In developing CPM S30V, Crucible decreased the chromium in the steel to limit the formation of large chromium carbides. Interestingly, this allowed the other alloys in the steel matrix to form carbides and left more chromium “in solution” in the steel. Chromium in solution enables the steel to form a microscopic layer of chromium oxide on its external surface, which is what protects it from rust.
Based on this principle, Thomas’ idea was to reduce a steel’s chromium content even further while adding other alloys to promote the formation of smaller, harder, wear-resistant carbides. After much trial and error, he found a narrow range of carbon and chromium content that would provide hardness and adequate chromium in solution for corrosion resistance. At the same time, he added vanadium and niobium to promote the formation of vanadium and niobium carbides for wear resistance and toughness.
MagnaCut is capable of achieving relatively high hardness—over 63 RC after conventional heat treatment and 64-65 RC with the added benefit of cryogenic treatment. This gives it edge retention is on par with respected blade materials like CPM S35VN, CPM 4V, and CPM CRU-WEAR. In terms of toughness, it surpasses even non-stainless steels renowned for their toughness, like CPM M4 and A2. Its most surprising quality, however, is its outstanding corrosion resistance, which approaches, but does not equal, that of Vanax and LC200N. Interestingly, even after cryogenic treatment, those steels can only achieve a hardness of 60-61 RC. MagnaCut can achieve higher hardnesses, while still offering outstanding toughness and excellent resistance to corrosion. Based on Spyderco’s extensive in-house testing, its level of corrosion resistance was impressive enough to make it worthy of inclusion in our elite Salt Series.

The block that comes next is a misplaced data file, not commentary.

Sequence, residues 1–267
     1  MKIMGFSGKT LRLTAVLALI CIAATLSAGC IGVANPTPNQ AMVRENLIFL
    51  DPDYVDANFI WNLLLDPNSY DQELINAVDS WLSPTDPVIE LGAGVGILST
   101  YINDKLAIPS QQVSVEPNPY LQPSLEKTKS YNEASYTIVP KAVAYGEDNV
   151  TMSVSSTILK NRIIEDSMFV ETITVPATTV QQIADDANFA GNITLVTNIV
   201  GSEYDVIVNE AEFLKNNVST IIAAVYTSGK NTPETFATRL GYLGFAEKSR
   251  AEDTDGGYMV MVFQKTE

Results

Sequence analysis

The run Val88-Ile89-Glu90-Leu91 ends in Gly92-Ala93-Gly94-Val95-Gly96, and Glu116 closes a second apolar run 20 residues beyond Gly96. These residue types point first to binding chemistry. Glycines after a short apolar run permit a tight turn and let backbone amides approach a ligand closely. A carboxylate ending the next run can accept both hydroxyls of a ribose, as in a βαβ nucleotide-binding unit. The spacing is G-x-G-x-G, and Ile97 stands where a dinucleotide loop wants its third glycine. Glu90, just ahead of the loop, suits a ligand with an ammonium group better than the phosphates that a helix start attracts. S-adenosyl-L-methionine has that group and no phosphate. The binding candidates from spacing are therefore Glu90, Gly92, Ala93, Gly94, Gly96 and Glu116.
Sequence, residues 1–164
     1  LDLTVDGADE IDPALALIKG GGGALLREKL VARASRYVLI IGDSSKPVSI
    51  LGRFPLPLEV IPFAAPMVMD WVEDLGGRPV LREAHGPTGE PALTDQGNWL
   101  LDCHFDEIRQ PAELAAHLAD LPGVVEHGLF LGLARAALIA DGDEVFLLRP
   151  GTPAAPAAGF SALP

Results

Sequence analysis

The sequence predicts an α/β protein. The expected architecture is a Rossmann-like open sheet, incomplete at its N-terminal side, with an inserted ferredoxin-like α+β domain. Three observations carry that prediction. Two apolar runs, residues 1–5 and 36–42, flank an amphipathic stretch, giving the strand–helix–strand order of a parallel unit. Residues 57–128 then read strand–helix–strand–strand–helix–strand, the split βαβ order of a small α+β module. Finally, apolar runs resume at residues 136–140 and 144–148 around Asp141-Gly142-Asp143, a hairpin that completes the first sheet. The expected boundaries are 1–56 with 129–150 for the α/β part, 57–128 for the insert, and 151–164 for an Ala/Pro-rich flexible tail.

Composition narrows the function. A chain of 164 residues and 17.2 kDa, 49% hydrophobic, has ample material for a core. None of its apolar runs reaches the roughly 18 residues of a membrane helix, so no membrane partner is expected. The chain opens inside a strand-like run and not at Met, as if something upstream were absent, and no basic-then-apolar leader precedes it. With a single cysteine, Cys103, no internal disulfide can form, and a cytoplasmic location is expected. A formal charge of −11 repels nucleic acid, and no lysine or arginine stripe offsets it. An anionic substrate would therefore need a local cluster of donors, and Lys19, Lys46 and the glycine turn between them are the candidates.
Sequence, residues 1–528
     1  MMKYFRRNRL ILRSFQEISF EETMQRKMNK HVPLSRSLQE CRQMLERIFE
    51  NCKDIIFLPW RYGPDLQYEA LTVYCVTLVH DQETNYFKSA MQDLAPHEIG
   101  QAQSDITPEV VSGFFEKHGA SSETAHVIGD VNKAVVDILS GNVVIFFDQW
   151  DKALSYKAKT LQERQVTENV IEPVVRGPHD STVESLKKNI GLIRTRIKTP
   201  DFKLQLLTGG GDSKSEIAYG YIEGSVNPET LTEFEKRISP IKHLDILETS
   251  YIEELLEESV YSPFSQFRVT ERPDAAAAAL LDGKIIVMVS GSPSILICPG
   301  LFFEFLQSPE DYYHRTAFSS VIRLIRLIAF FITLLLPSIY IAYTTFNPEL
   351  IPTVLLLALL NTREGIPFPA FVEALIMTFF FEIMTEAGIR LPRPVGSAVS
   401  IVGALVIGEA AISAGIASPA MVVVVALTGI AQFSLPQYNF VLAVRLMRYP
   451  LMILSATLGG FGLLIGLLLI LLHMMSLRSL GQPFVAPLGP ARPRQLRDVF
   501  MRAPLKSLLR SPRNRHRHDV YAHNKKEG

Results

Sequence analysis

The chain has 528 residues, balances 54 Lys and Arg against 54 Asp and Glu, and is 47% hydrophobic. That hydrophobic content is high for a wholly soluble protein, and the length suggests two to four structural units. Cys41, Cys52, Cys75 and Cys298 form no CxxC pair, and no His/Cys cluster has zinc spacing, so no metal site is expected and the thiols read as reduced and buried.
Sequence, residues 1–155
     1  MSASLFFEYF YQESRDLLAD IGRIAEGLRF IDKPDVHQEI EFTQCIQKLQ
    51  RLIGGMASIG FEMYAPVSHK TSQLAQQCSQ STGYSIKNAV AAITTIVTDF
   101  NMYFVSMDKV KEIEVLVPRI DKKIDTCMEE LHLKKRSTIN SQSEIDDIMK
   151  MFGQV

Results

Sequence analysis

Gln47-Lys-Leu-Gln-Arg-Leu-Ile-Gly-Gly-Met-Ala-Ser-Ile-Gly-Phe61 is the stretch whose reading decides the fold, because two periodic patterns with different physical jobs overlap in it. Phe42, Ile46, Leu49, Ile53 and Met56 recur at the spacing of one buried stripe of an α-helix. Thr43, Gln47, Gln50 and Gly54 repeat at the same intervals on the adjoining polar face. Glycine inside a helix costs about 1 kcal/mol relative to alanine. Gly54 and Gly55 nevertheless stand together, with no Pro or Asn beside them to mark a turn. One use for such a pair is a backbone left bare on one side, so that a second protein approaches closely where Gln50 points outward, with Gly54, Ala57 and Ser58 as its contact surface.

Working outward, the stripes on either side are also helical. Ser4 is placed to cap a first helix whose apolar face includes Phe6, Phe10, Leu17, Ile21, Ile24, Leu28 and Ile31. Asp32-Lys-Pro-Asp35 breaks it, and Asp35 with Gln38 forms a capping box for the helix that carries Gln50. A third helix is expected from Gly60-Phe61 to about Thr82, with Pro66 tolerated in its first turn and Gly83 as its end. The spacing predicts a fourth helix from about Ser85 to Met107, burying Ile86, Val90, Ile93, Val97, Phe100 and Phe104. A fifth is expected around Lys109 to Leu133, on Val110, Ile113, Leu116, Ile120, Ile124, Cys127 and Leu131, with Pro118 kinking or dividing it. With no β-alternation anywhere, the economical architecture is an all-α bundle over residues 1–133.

MagnaCut is a truly remarkable steel that offers a unique balance of properties. Although it is less corrosion resistant than LC200N, it offers the best edge retention of our Salt steels. And while it is not as tough as H-2, its toughness is impressive and outshines that of LC200N.
Choosing a blade steel is always a balancing act between the competing qualities of edge retention, toughness, corrosion resistance, and ease of sharpening. This is particularly true when you use your knife in or around the water where corrosion is a serious concern. Spyderco’s Salt Series offers an unparalleled choice of state-of-the-art, ultra-corrosion-resistant blade steels. No matter which one you prefer, we’ve got you covered.